I can’t entertain the crazy.

birthdays

Twenty-nine years ago today, I was born. From what I hear, that was quite an event, lots of to-do about a wee little me. I was 2.2 lbs. I’m about 118lbs heavier now.

When I started working, and especially since moving out, I give myself the gift of not working on or near the date of my birthday. Two years ago I went hiking at Switzer’s Falls in the Angeles Forest when it was (surprise!) raining and some snow flurries that melted within a hour. Last year I went on a silent retreat for a day, and this year I went to Switzer’s Falls again. The restrooms were closed and the information kiosk wasn’t selling adventure passes, so a really nice couple gave me their annual pass! The fall colors were still putting on a show, and there were people around, but not so many that there weren’t extended periods of alone time. I returned in time for therapy & dinner at home; then went out to the Yardhouse in Long Beach with some grad school friends & coworkers. Some of them re-gifted items to me (i.e. no original packaging, things are not correctly itemized in the packaging).

 

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Today I went to Mass, came home and excitedly read a letter that had arrived yesterday from the monastery. I was told that after “much prayer” that God “isn’t calling you to our Carmel”. Lovely news to read on my birthday. But I went on with my day, buying a gift for mom’s birthday, some errands and a late lunch with friends at Versailles, a Cuban restuarant. Now, i’m doing laundry. Might do some sewing later. Mom’s birthday was on Thursday, and she controls the birthday weekend: her cake, her time, her location, etc. I had to ask Dad if he/they wanted my birthday gift suggestions, and he was “Uh, what?” Like, hello, it’s my birthday, too. Anyway, my family is crazy.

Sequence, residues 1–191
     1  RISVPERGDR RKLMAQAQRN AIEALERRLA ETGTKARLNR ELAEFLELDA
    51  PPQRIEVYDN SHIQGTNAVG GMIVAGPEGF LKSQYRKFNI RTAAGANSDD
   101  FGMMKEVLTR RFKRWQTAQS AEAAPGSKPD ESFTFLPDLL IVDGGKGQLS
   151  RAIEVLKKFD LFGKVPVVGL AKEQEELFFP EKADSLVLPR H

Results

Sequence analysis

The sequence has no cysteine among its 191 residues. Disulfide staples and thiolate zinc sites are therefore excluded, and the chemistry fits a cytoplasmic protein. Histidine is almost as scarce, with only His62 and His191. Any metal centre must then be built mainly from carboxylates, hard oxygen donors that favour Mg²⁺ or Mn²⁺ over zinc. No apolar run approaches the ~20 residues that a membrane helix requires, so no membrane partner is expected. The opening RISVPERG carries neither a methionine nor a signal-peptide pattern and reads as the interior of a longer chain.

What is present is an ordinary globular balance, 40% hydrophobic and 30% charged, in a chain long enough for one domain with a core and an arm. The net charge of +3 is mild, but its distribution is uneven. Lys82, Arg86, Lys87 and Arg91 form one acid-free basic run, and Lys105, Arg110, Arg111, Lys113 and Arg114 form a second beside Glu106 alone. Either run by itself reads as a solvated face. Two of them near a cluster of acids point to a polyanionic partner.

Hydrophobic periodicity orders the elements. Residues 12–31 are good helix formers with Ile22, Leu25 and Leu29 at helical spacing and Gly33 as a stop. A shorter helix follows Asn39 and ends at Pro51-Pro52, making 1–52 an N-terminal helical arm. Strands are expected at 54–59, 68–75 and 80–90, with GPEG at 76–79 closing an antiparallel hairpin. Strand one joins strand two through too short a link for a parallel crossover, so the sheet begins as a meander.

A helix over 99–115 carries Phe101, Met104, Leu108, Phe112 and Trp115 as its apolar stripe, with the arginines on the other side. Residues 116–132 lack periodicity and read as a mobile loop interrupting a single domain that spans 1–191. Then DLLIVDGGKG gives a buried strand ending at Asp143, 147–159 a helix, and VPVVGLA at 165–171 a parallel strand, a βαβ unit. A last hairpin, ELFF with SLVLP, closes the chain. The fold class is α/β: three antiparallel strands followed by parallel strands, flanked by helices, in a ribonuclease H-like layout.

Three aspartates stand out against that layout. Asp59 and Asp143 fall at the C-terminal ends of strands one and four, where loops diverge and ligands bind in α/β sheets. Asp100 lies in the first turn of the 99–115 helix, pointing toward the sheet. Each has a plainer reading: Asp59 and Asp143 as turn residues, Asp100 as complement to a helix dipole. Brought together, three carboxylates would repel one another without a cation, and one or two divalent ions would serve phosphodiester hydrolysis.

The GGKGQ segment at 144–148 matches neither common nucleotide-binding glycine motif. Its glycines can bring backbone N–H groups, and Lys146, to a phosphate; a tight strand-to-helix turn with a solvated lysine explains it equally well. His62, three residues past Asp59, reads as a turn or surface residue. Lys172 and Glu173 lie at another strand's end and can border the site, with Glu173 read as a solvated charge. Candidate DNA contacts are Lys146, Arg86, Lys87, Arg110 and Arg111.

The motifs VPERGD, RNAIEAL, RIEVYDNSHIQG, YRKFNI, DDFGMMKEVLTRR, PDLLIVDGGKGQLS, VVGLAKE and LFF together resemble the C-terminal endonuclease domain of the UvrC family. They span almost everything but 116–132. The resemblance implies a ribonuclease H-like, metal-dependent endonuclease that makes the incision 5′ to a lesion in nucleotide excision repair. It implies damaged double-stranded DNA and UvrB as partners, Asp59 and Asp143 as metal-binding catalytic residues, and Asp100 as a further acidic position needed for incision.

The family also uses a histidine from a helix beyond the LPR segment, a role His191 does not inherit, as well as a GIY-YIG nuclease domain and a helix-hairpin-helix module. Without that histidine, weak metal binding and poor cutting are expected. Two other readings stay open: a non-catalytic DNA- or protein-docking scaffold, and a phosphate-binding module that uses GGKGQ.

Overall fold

Silence

I’m thinking about silence itself as an object/presence recently. Immediately in my reaction field is a post I was reading from another blogger here on WP.

In my work as a child and adolescent therapist to some of the poorer children (the poorest live on skid row and I don’t have the stomach to work with that population) of Los Angeles; specifically called SPA 8 (Service Provider Area 8). I’ve had the special privilege of working with different young women, all under the age of 15 years of age who have been raped, sexually assaulted, attempted sexual assault/molestation, and/or sexual harassment. Each one has told me that they considered themselves to be the only one until they confided in a friend, cousin, or aunt near to their age (under 20 years of age); then they tell me, “I told her to tell someone about what she was going through”. Can we just get this over and done with?

Ladies/Girls/Women, let’s just admit that the men in our lives want us to feel alone. They want us to be frightened and feel alone! Yet, the reality is that more women and girls are assaulted, harrassed, abused by people they know than absolute strangers.

And abuse, physical abuse is the same story and I totally want to jump in there with the kid and be like “Yeah, I know!” but I can’t. The therapy hour is totally about them, and I pull myself back inside and be all like “Yeah? Can you tell me about what makes you scared?” or “What’s that like?” I stay on the back-burner and may save my urge to blurt out for my own therapy sessions where I get triggered/reminded of getting hit on the back my head or back with shoes or slippers (and you wonder why the F I hate the color pink or her perfume or being touched at all, least of all being touched or hugged or anything by her); that evening I watched the filled Mayo jar fly by me, missing me by golly-knows-what; choosing dissociation in the closet instead of listening to the litany of Megan’s-fucked-up-as-a-daughter-because.